Protect Azure Kubernetes Service (AKS) With Azure Security Center

8 min read

Introduction

Azure Security Center gives you complete visibility and control over the security of hybrid cloud workloads, including compute, network, storage, identity, and application workloads. Azure Security Center (ASC) has two mains value proposition:

  1. Cloud Security Posture Management (CSPM) – Help you prevent misconfiguration to strengthen your security posture for all different types of cloud workloads and resources in Azure (IaaS, PaaS, and SaaS).
  2. Cloud Workload Protection Platform (CWPP) – Protect against threats for servers whether they are running in Azure, on-premises or in different clouds such as Amazon AWS or Google GCP, in additional to cloud-native workloads such as Web Apps, Kubernetes, Key Vaults, as well as for SQL databases (PaaS/VM) and storage accounts.

Threat Protection for Containers is one of many features that is included in Azure Security Center that falls under the Cloud Workload Protection Platform (CWPP) which is something you must consider for your containers running on Microsoft Azure.

Azure Security Center (ASC) is expanding its support in the container space to one of the fastest-growing services in Azure – Azure Kubernetes Service (AKS). In November 2019, Microsoft announced the public preview for threat protection for Azure Kubernetes Service (AKS) support in Security Center. The good news is, on March 25th, 2020 the Azure Kubernetes Services integration with Security Center became Generally Available (GA).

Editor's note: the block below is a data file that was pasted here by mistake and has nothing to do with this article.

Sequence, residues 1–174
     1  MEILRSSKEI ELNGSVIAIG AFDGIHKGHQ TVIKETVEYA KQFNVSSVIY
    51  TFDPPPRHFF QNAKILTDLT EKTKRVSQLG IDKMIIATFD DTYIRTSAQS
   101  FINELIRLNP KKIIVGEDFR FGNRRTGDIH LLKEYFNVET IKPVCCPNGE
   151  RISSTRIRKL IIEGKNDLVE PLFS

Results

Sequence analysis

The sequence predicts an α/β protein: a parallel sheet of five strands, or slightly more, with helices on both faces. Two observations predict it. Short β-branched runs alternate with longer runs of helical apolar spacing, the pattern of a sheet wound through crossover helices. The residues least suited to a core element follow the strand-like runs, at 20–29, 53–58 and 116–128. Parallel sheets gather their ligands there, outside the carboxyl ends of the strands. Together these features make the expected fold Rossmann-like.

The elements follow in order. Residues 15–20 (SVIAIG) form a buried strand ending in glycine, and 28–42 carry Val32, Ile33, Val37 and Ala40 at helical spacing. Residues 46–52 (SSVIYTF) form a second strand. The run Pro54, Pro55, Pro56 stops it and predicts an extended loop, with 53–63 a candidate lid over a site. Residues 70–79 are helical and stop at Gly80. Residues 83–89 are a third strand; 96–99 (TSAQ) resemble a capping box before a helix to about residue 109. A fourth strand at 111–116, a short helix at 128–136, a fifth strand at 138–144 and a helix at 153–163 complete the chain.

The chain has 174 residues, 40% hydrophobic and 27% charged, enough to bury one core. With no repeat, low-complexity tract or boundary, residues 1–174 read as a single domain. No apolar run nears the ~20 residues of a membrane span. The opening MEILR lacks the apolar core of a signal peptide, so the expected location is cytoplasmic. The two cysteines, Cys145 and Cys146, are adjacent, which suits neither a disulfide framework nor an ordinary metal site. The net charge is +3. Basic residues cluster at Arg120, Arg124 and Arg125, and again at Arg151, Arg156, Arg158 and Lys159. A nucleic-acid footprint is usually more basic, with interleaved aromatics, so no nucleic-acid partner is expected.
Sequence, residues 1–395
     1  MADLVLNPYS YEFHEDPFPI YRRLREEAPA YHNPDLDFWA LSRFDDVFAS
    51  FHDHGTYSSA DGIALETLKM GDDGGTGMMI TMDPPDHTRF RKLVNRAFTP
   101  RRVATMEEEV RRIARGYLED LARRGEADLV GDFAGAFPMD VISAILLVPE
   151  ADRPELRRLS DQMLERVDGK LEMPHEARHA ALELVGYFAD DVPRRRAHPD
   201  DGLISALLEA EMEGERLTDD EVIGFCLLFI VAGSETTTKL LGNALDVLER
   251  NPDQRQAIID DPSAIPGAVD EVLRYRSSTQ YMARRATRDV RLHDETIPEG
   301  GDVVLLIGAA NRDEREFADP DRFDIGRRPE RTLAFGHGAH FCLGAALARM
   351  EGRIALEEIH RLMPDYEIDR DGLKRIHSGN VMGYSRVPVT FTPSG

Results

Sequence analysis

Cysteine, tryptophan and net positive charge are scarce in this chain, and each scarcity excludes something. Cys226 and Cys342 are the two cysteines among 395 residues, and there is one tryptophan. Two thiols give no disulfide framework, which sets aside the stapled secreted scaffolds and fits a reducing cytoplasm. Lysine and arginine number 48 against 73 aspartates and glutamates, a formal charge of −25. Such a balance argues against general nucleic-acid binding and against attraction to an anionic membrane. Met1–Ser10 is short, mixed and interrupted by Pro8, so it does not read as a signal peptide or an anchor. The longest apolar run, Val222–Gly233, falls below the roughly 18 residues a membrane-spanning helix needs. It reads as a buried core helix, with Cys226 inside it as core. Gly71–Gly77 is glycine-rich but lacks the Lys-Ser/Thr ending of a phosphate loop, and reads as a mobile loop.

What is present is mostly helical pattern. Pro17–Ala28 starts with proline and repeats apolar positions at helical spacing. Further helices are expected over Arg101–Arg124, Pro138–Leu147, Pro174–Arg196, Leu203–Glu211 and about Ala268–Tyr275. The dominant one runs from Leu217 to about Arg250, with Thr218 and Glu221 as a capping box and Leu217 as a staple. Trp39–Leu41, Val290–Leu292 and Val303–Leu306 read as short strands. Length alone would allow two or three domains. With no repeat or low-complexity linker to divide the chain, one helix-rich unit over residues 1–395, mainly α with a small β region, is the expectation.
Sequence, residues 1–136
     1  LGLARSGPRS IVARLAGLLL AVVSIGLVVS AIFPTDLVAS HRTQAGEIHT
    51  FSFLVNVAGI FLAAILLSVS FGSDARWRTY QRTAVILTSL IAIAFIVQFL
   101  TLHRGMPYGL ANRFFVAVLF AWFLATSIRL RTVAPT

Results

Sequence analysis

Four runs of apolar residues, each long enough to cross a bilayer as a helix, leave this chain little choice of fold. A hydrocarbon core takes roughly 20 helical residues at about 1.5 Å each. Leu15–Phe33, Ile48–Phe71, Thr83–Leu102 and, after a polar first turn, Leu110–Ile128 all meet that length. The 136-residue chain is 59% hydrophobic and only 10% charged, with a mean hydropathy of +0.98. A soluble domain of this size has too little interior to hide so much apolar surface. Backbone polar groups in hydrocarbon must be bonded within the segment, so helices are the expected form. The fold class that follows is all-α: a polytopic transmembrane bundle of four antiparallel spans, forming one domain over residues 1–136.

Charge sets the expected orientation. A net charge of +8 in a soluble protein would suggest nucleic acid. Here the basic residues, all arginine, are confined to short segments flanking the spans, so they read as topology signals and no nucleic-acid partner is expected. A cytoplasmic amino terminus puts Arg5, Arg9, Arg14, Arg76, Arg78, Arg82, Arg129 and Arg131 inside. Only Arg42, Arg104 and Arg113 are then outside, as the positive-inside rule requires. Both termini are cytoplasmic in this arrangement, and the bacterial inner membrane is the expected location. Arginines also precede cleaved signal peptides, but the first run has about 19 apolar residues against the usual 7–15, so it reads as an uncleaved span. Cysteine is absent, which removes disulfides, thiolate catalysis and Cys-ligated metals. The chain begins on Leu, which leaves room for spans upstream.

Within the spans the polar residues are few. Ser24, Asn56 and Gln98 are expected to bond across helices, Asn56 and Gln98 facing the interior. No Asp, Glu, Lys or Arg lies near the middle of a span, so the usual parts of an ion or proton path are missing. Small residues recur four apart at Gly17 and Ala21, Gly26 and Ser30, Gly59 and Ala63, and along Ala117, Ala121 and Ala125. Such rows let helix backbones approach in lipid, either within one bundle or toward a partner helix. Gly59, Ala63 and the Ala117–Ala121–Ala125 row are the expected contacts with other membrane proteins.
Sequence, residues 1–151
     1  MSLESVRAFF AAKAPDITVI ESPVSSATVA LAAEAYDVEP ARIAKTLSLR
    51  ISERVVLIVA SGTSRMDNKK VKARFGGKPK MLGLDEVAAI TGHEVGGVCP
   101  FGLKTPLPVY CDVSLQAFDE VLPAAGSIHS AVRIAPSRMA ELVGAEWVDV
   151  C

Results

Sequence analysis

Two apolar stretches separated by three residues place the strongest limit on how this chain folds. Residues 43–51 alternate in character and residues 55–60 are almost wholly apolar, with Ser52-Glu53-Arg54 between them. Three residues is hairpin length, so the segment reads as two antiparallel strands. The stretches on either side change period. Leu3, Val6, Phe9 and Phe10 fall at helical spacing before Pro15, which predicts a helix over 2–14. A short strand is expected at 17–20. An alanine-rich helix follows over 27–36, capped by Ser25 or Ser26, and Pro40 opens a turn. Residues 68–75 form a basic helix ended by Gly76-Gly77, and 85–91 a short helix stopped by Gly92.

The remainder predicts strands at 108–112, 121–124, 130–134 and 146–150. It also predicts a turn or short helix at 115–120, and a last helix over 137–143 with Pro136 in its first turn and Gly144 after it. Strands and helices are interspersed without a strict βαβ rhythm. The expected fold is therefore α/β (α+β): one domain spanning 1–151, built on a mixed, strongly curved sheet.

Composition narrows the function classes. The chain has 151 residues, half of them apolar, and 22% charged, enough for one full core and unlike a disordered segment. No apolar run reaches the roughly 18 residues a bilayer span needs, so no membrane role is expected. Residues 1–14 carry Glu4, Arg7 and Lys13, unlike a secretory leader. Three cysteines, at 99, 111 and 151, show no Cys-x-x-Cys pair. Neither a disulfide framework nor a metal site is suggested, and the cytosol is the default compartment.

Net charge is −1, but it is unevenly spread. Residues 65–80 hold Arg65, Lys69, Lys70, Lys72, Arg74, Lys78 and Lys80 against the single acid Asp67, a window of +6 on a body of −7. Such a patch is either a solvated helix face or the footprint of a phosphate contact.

Kubernetes is quickly becoming the new standard for deploying and managing software in the cloud. Few people have extensive experience with Kubernetes and many only focus on general engineering and administration and overlook the security aspect. Kubernetes environment needs to be configured carefully to be secure, making sure no container focused attack surface doors are not left open is exposed for attackers.

In this article, I will walk you through how to protect and hardening your Azure Kubernetes Service (AKS) cluster with Azure Security Center, and then simulate an AKS alert.

Prerequisites

To follow this article, you need to have the following:

  1. Azure subscription. If you don’t have an Azure subscription, you can create a free one here.
  2. Azure Security Center Standard tier enabled. Please note that the standard tier is required to leverage threat protection for Kubernetes Service. The Kubernetes service’s cores are billed hourly, and the price is calculated by the number of cores.
  3. Log Analytics Workspace – To create a new workspace, follow the instructions on how to create a Log Analytics workspace.
  4. Last, you need to have an AKS cluster deployed and running on Azure – To create a new AKS cluster, follow the steps documented below.

Deploy AKS Cluster

If you don’t have an Azure Kubernetes Service (AKS) cluster deployed on Azure, you can follow the steps below to create a new one.

In this example, I will use the Azure CLI and the Azure Cloud Shell to deploy a new AKS cluster since “kubectl” is already installed as part of the Cloud Shell. Launch the Cloud Shell and then run the following commands (you can also follow the short video below which illustrates the entire process):

az account set --subscription "SUBSCRIPTION-NAME"
az group create --name rg-aks-cluster --location "West Europe" --output none
az aks create --resource-group rg-aks-cluster --name myAKSCluster --node-count 1 --enable-addons monitoring --generate-ssh-keys
az aks get-credentials --resource-group rg-aks-cluster --name myAKSCluster
kubectl get nodes

Here is the short video:

Enable Security Center for AKS

To enable threat protection for Azure Kubernetes Services in Security Center, this should be done at the subscription/workspace level:

  1. Open Azure Portal and sign in with a user who has Security Admin privileges.
  2. On the left navigation pane, click Security Center.